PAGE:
Ethical Fashion Vs Exploitative FashionPosted By : admin | March 7, 2015 | 2 comment(s)
With the introduction of the first full collection of The Eco Gypsy Ethical Beachwear for SS15 we will be dedicating a few blog posts to the subject and meet the people who produce our label.
Fast fashion has become as staple to todays society as mobile phones. You can barely catch the new couture collections before the fashion conglomerates roll out copies. Not only has this created a market of instant gratification for new fashions but a demand for increasingly lower prices. Originality is also slowly being compromised, as is craftsmanship as a homogeny takes over in the need to copy and produce as quickly as possible.
The dangers of fast fashion are becoming apparent and a global shift towards a more ethical way of looking at our wardrobes is necessary from both a humanitarian view and also from an environmental view. In 2013 on 24th April, Rana Plaza in Bangladesh collapsed killing 1133 people and injuring 2500 people. Many of the large well known brands that produced within the Rana Plaza complex have not financially settled with the families or offered any assistance to those who can no longer work. Of the 29 brands that produced there only 9 offered compensation and signed agreements for better safety standards and pay. Benetton, Walmart, Carrefour and Auchan refused to sign up to the Donor Trust Fund.
This disaster was instrumental in opening the eyes of some to the global exploitation of people, especially women and children in the textile industry.
Facts About ‘Sweat Shops’ or Factories in the Developing World
- One in eight children between 4 – 15 years old works in a sweatshop
- Most workers are ‘retired’ by the age of 25 due to problems such as respiratory illness from the chemicals used in clothes.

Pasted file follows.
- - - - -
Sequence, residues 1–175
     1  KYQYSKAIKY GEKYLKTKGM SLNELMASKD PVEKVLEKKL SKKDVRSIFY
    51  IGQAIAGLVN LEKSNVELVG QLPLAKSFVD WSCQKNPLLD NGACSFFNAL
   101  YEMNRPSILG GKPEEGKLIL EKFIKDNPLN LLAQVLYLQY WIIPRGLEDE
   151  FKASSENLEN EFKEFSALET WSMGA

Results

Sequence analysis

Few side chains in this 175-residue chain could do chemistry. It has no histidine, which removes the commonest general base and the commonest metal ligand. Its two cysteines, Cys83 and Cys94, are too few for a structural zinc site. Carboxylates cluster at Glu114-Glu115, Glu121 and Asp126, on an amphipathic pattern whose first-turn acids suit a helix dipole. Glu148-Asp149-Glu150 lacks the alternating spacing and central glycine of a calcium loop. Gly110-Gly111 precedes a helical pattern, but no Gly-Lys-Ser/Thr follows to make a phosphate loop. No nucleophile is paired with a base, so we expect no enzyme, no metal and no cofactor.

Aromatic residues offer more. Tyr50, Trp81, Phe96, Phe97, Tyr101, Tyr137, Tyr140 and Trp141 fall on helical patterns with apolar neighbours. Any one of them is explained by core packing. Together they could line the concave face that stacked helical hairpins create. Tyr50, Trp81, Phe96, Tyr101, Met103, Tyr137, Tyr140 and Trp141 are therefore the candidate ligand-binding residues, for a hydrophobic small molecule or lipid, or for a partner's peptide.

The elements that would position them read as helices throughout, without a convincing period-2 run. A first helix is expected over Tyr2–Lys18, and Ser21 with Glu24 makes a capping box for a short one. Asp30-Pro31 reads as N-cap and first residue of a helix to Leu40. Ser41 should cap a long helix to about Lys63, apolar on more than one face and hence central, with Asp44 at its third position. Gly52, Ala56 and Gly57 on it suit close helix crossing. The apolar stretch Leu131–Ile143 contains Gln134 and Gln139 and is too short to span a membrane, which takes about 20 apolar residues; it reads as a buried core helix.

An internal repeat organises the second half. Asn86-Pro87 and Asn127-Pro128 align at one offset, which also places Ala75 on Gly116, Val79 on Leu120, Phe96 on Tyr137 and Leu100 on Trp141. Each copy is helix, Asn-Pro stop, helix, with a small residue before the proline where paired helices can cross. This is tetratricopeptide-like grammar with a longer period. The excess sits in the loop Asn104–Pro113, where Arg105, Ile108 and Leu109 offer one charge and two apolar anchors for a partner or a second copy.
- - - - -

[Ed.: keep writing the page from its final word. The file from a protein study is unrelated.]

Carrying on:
- 85% of workers are female and can be put on forced contraception to stop them falling pregnant.
- Physical, verbal and sexual abuse are common in many factories.
- Workers usually spend 75% of their wages on food alone and often make 25% less than they need to cover monthly expenses for accommodation, transport and education often forcing them to live in squalid conditions in the factories.
- 250 million children work in sweatshops – 61% in Asia, 32% in Africa and 7% in Latin America.
- Dirty and unhygienic working conditions that lead to disease and illness.
- No healthcare insurance or assistance.
- 22 million children die a year due to working conditions in sweatshops.
- Cotton requires a third of a pound of pesticides and 60kg of water.
- Manufacturing Nylon emits nitrous oxide gas that has a carbon footprint 310 times higher than carbon dioxide.
- North Americans throw away over 30 kilogrammes of clothes a year.
Needless to say the cheaper the garment in a store in North America or Europe, the more likely that it has been produced under some sort of unethical working conditions. So what as a consumer can you do to help or prevent falling into the trap of perpetuating these practices?
Many big name and high street brands have made great inroads into producing more ethical clothing. H&M release their ‘couture’ Conscious Collection every year but carry their Conscious Collection throughout the year. This year Zara has introduced an organic cotton range and are also the owners of Mango who did sign up and compensate victims and their families of the Rana Plaza disaster. It is getting easier to shop ethically as awareness spreads so with a little research you can make better fashion consumer choices.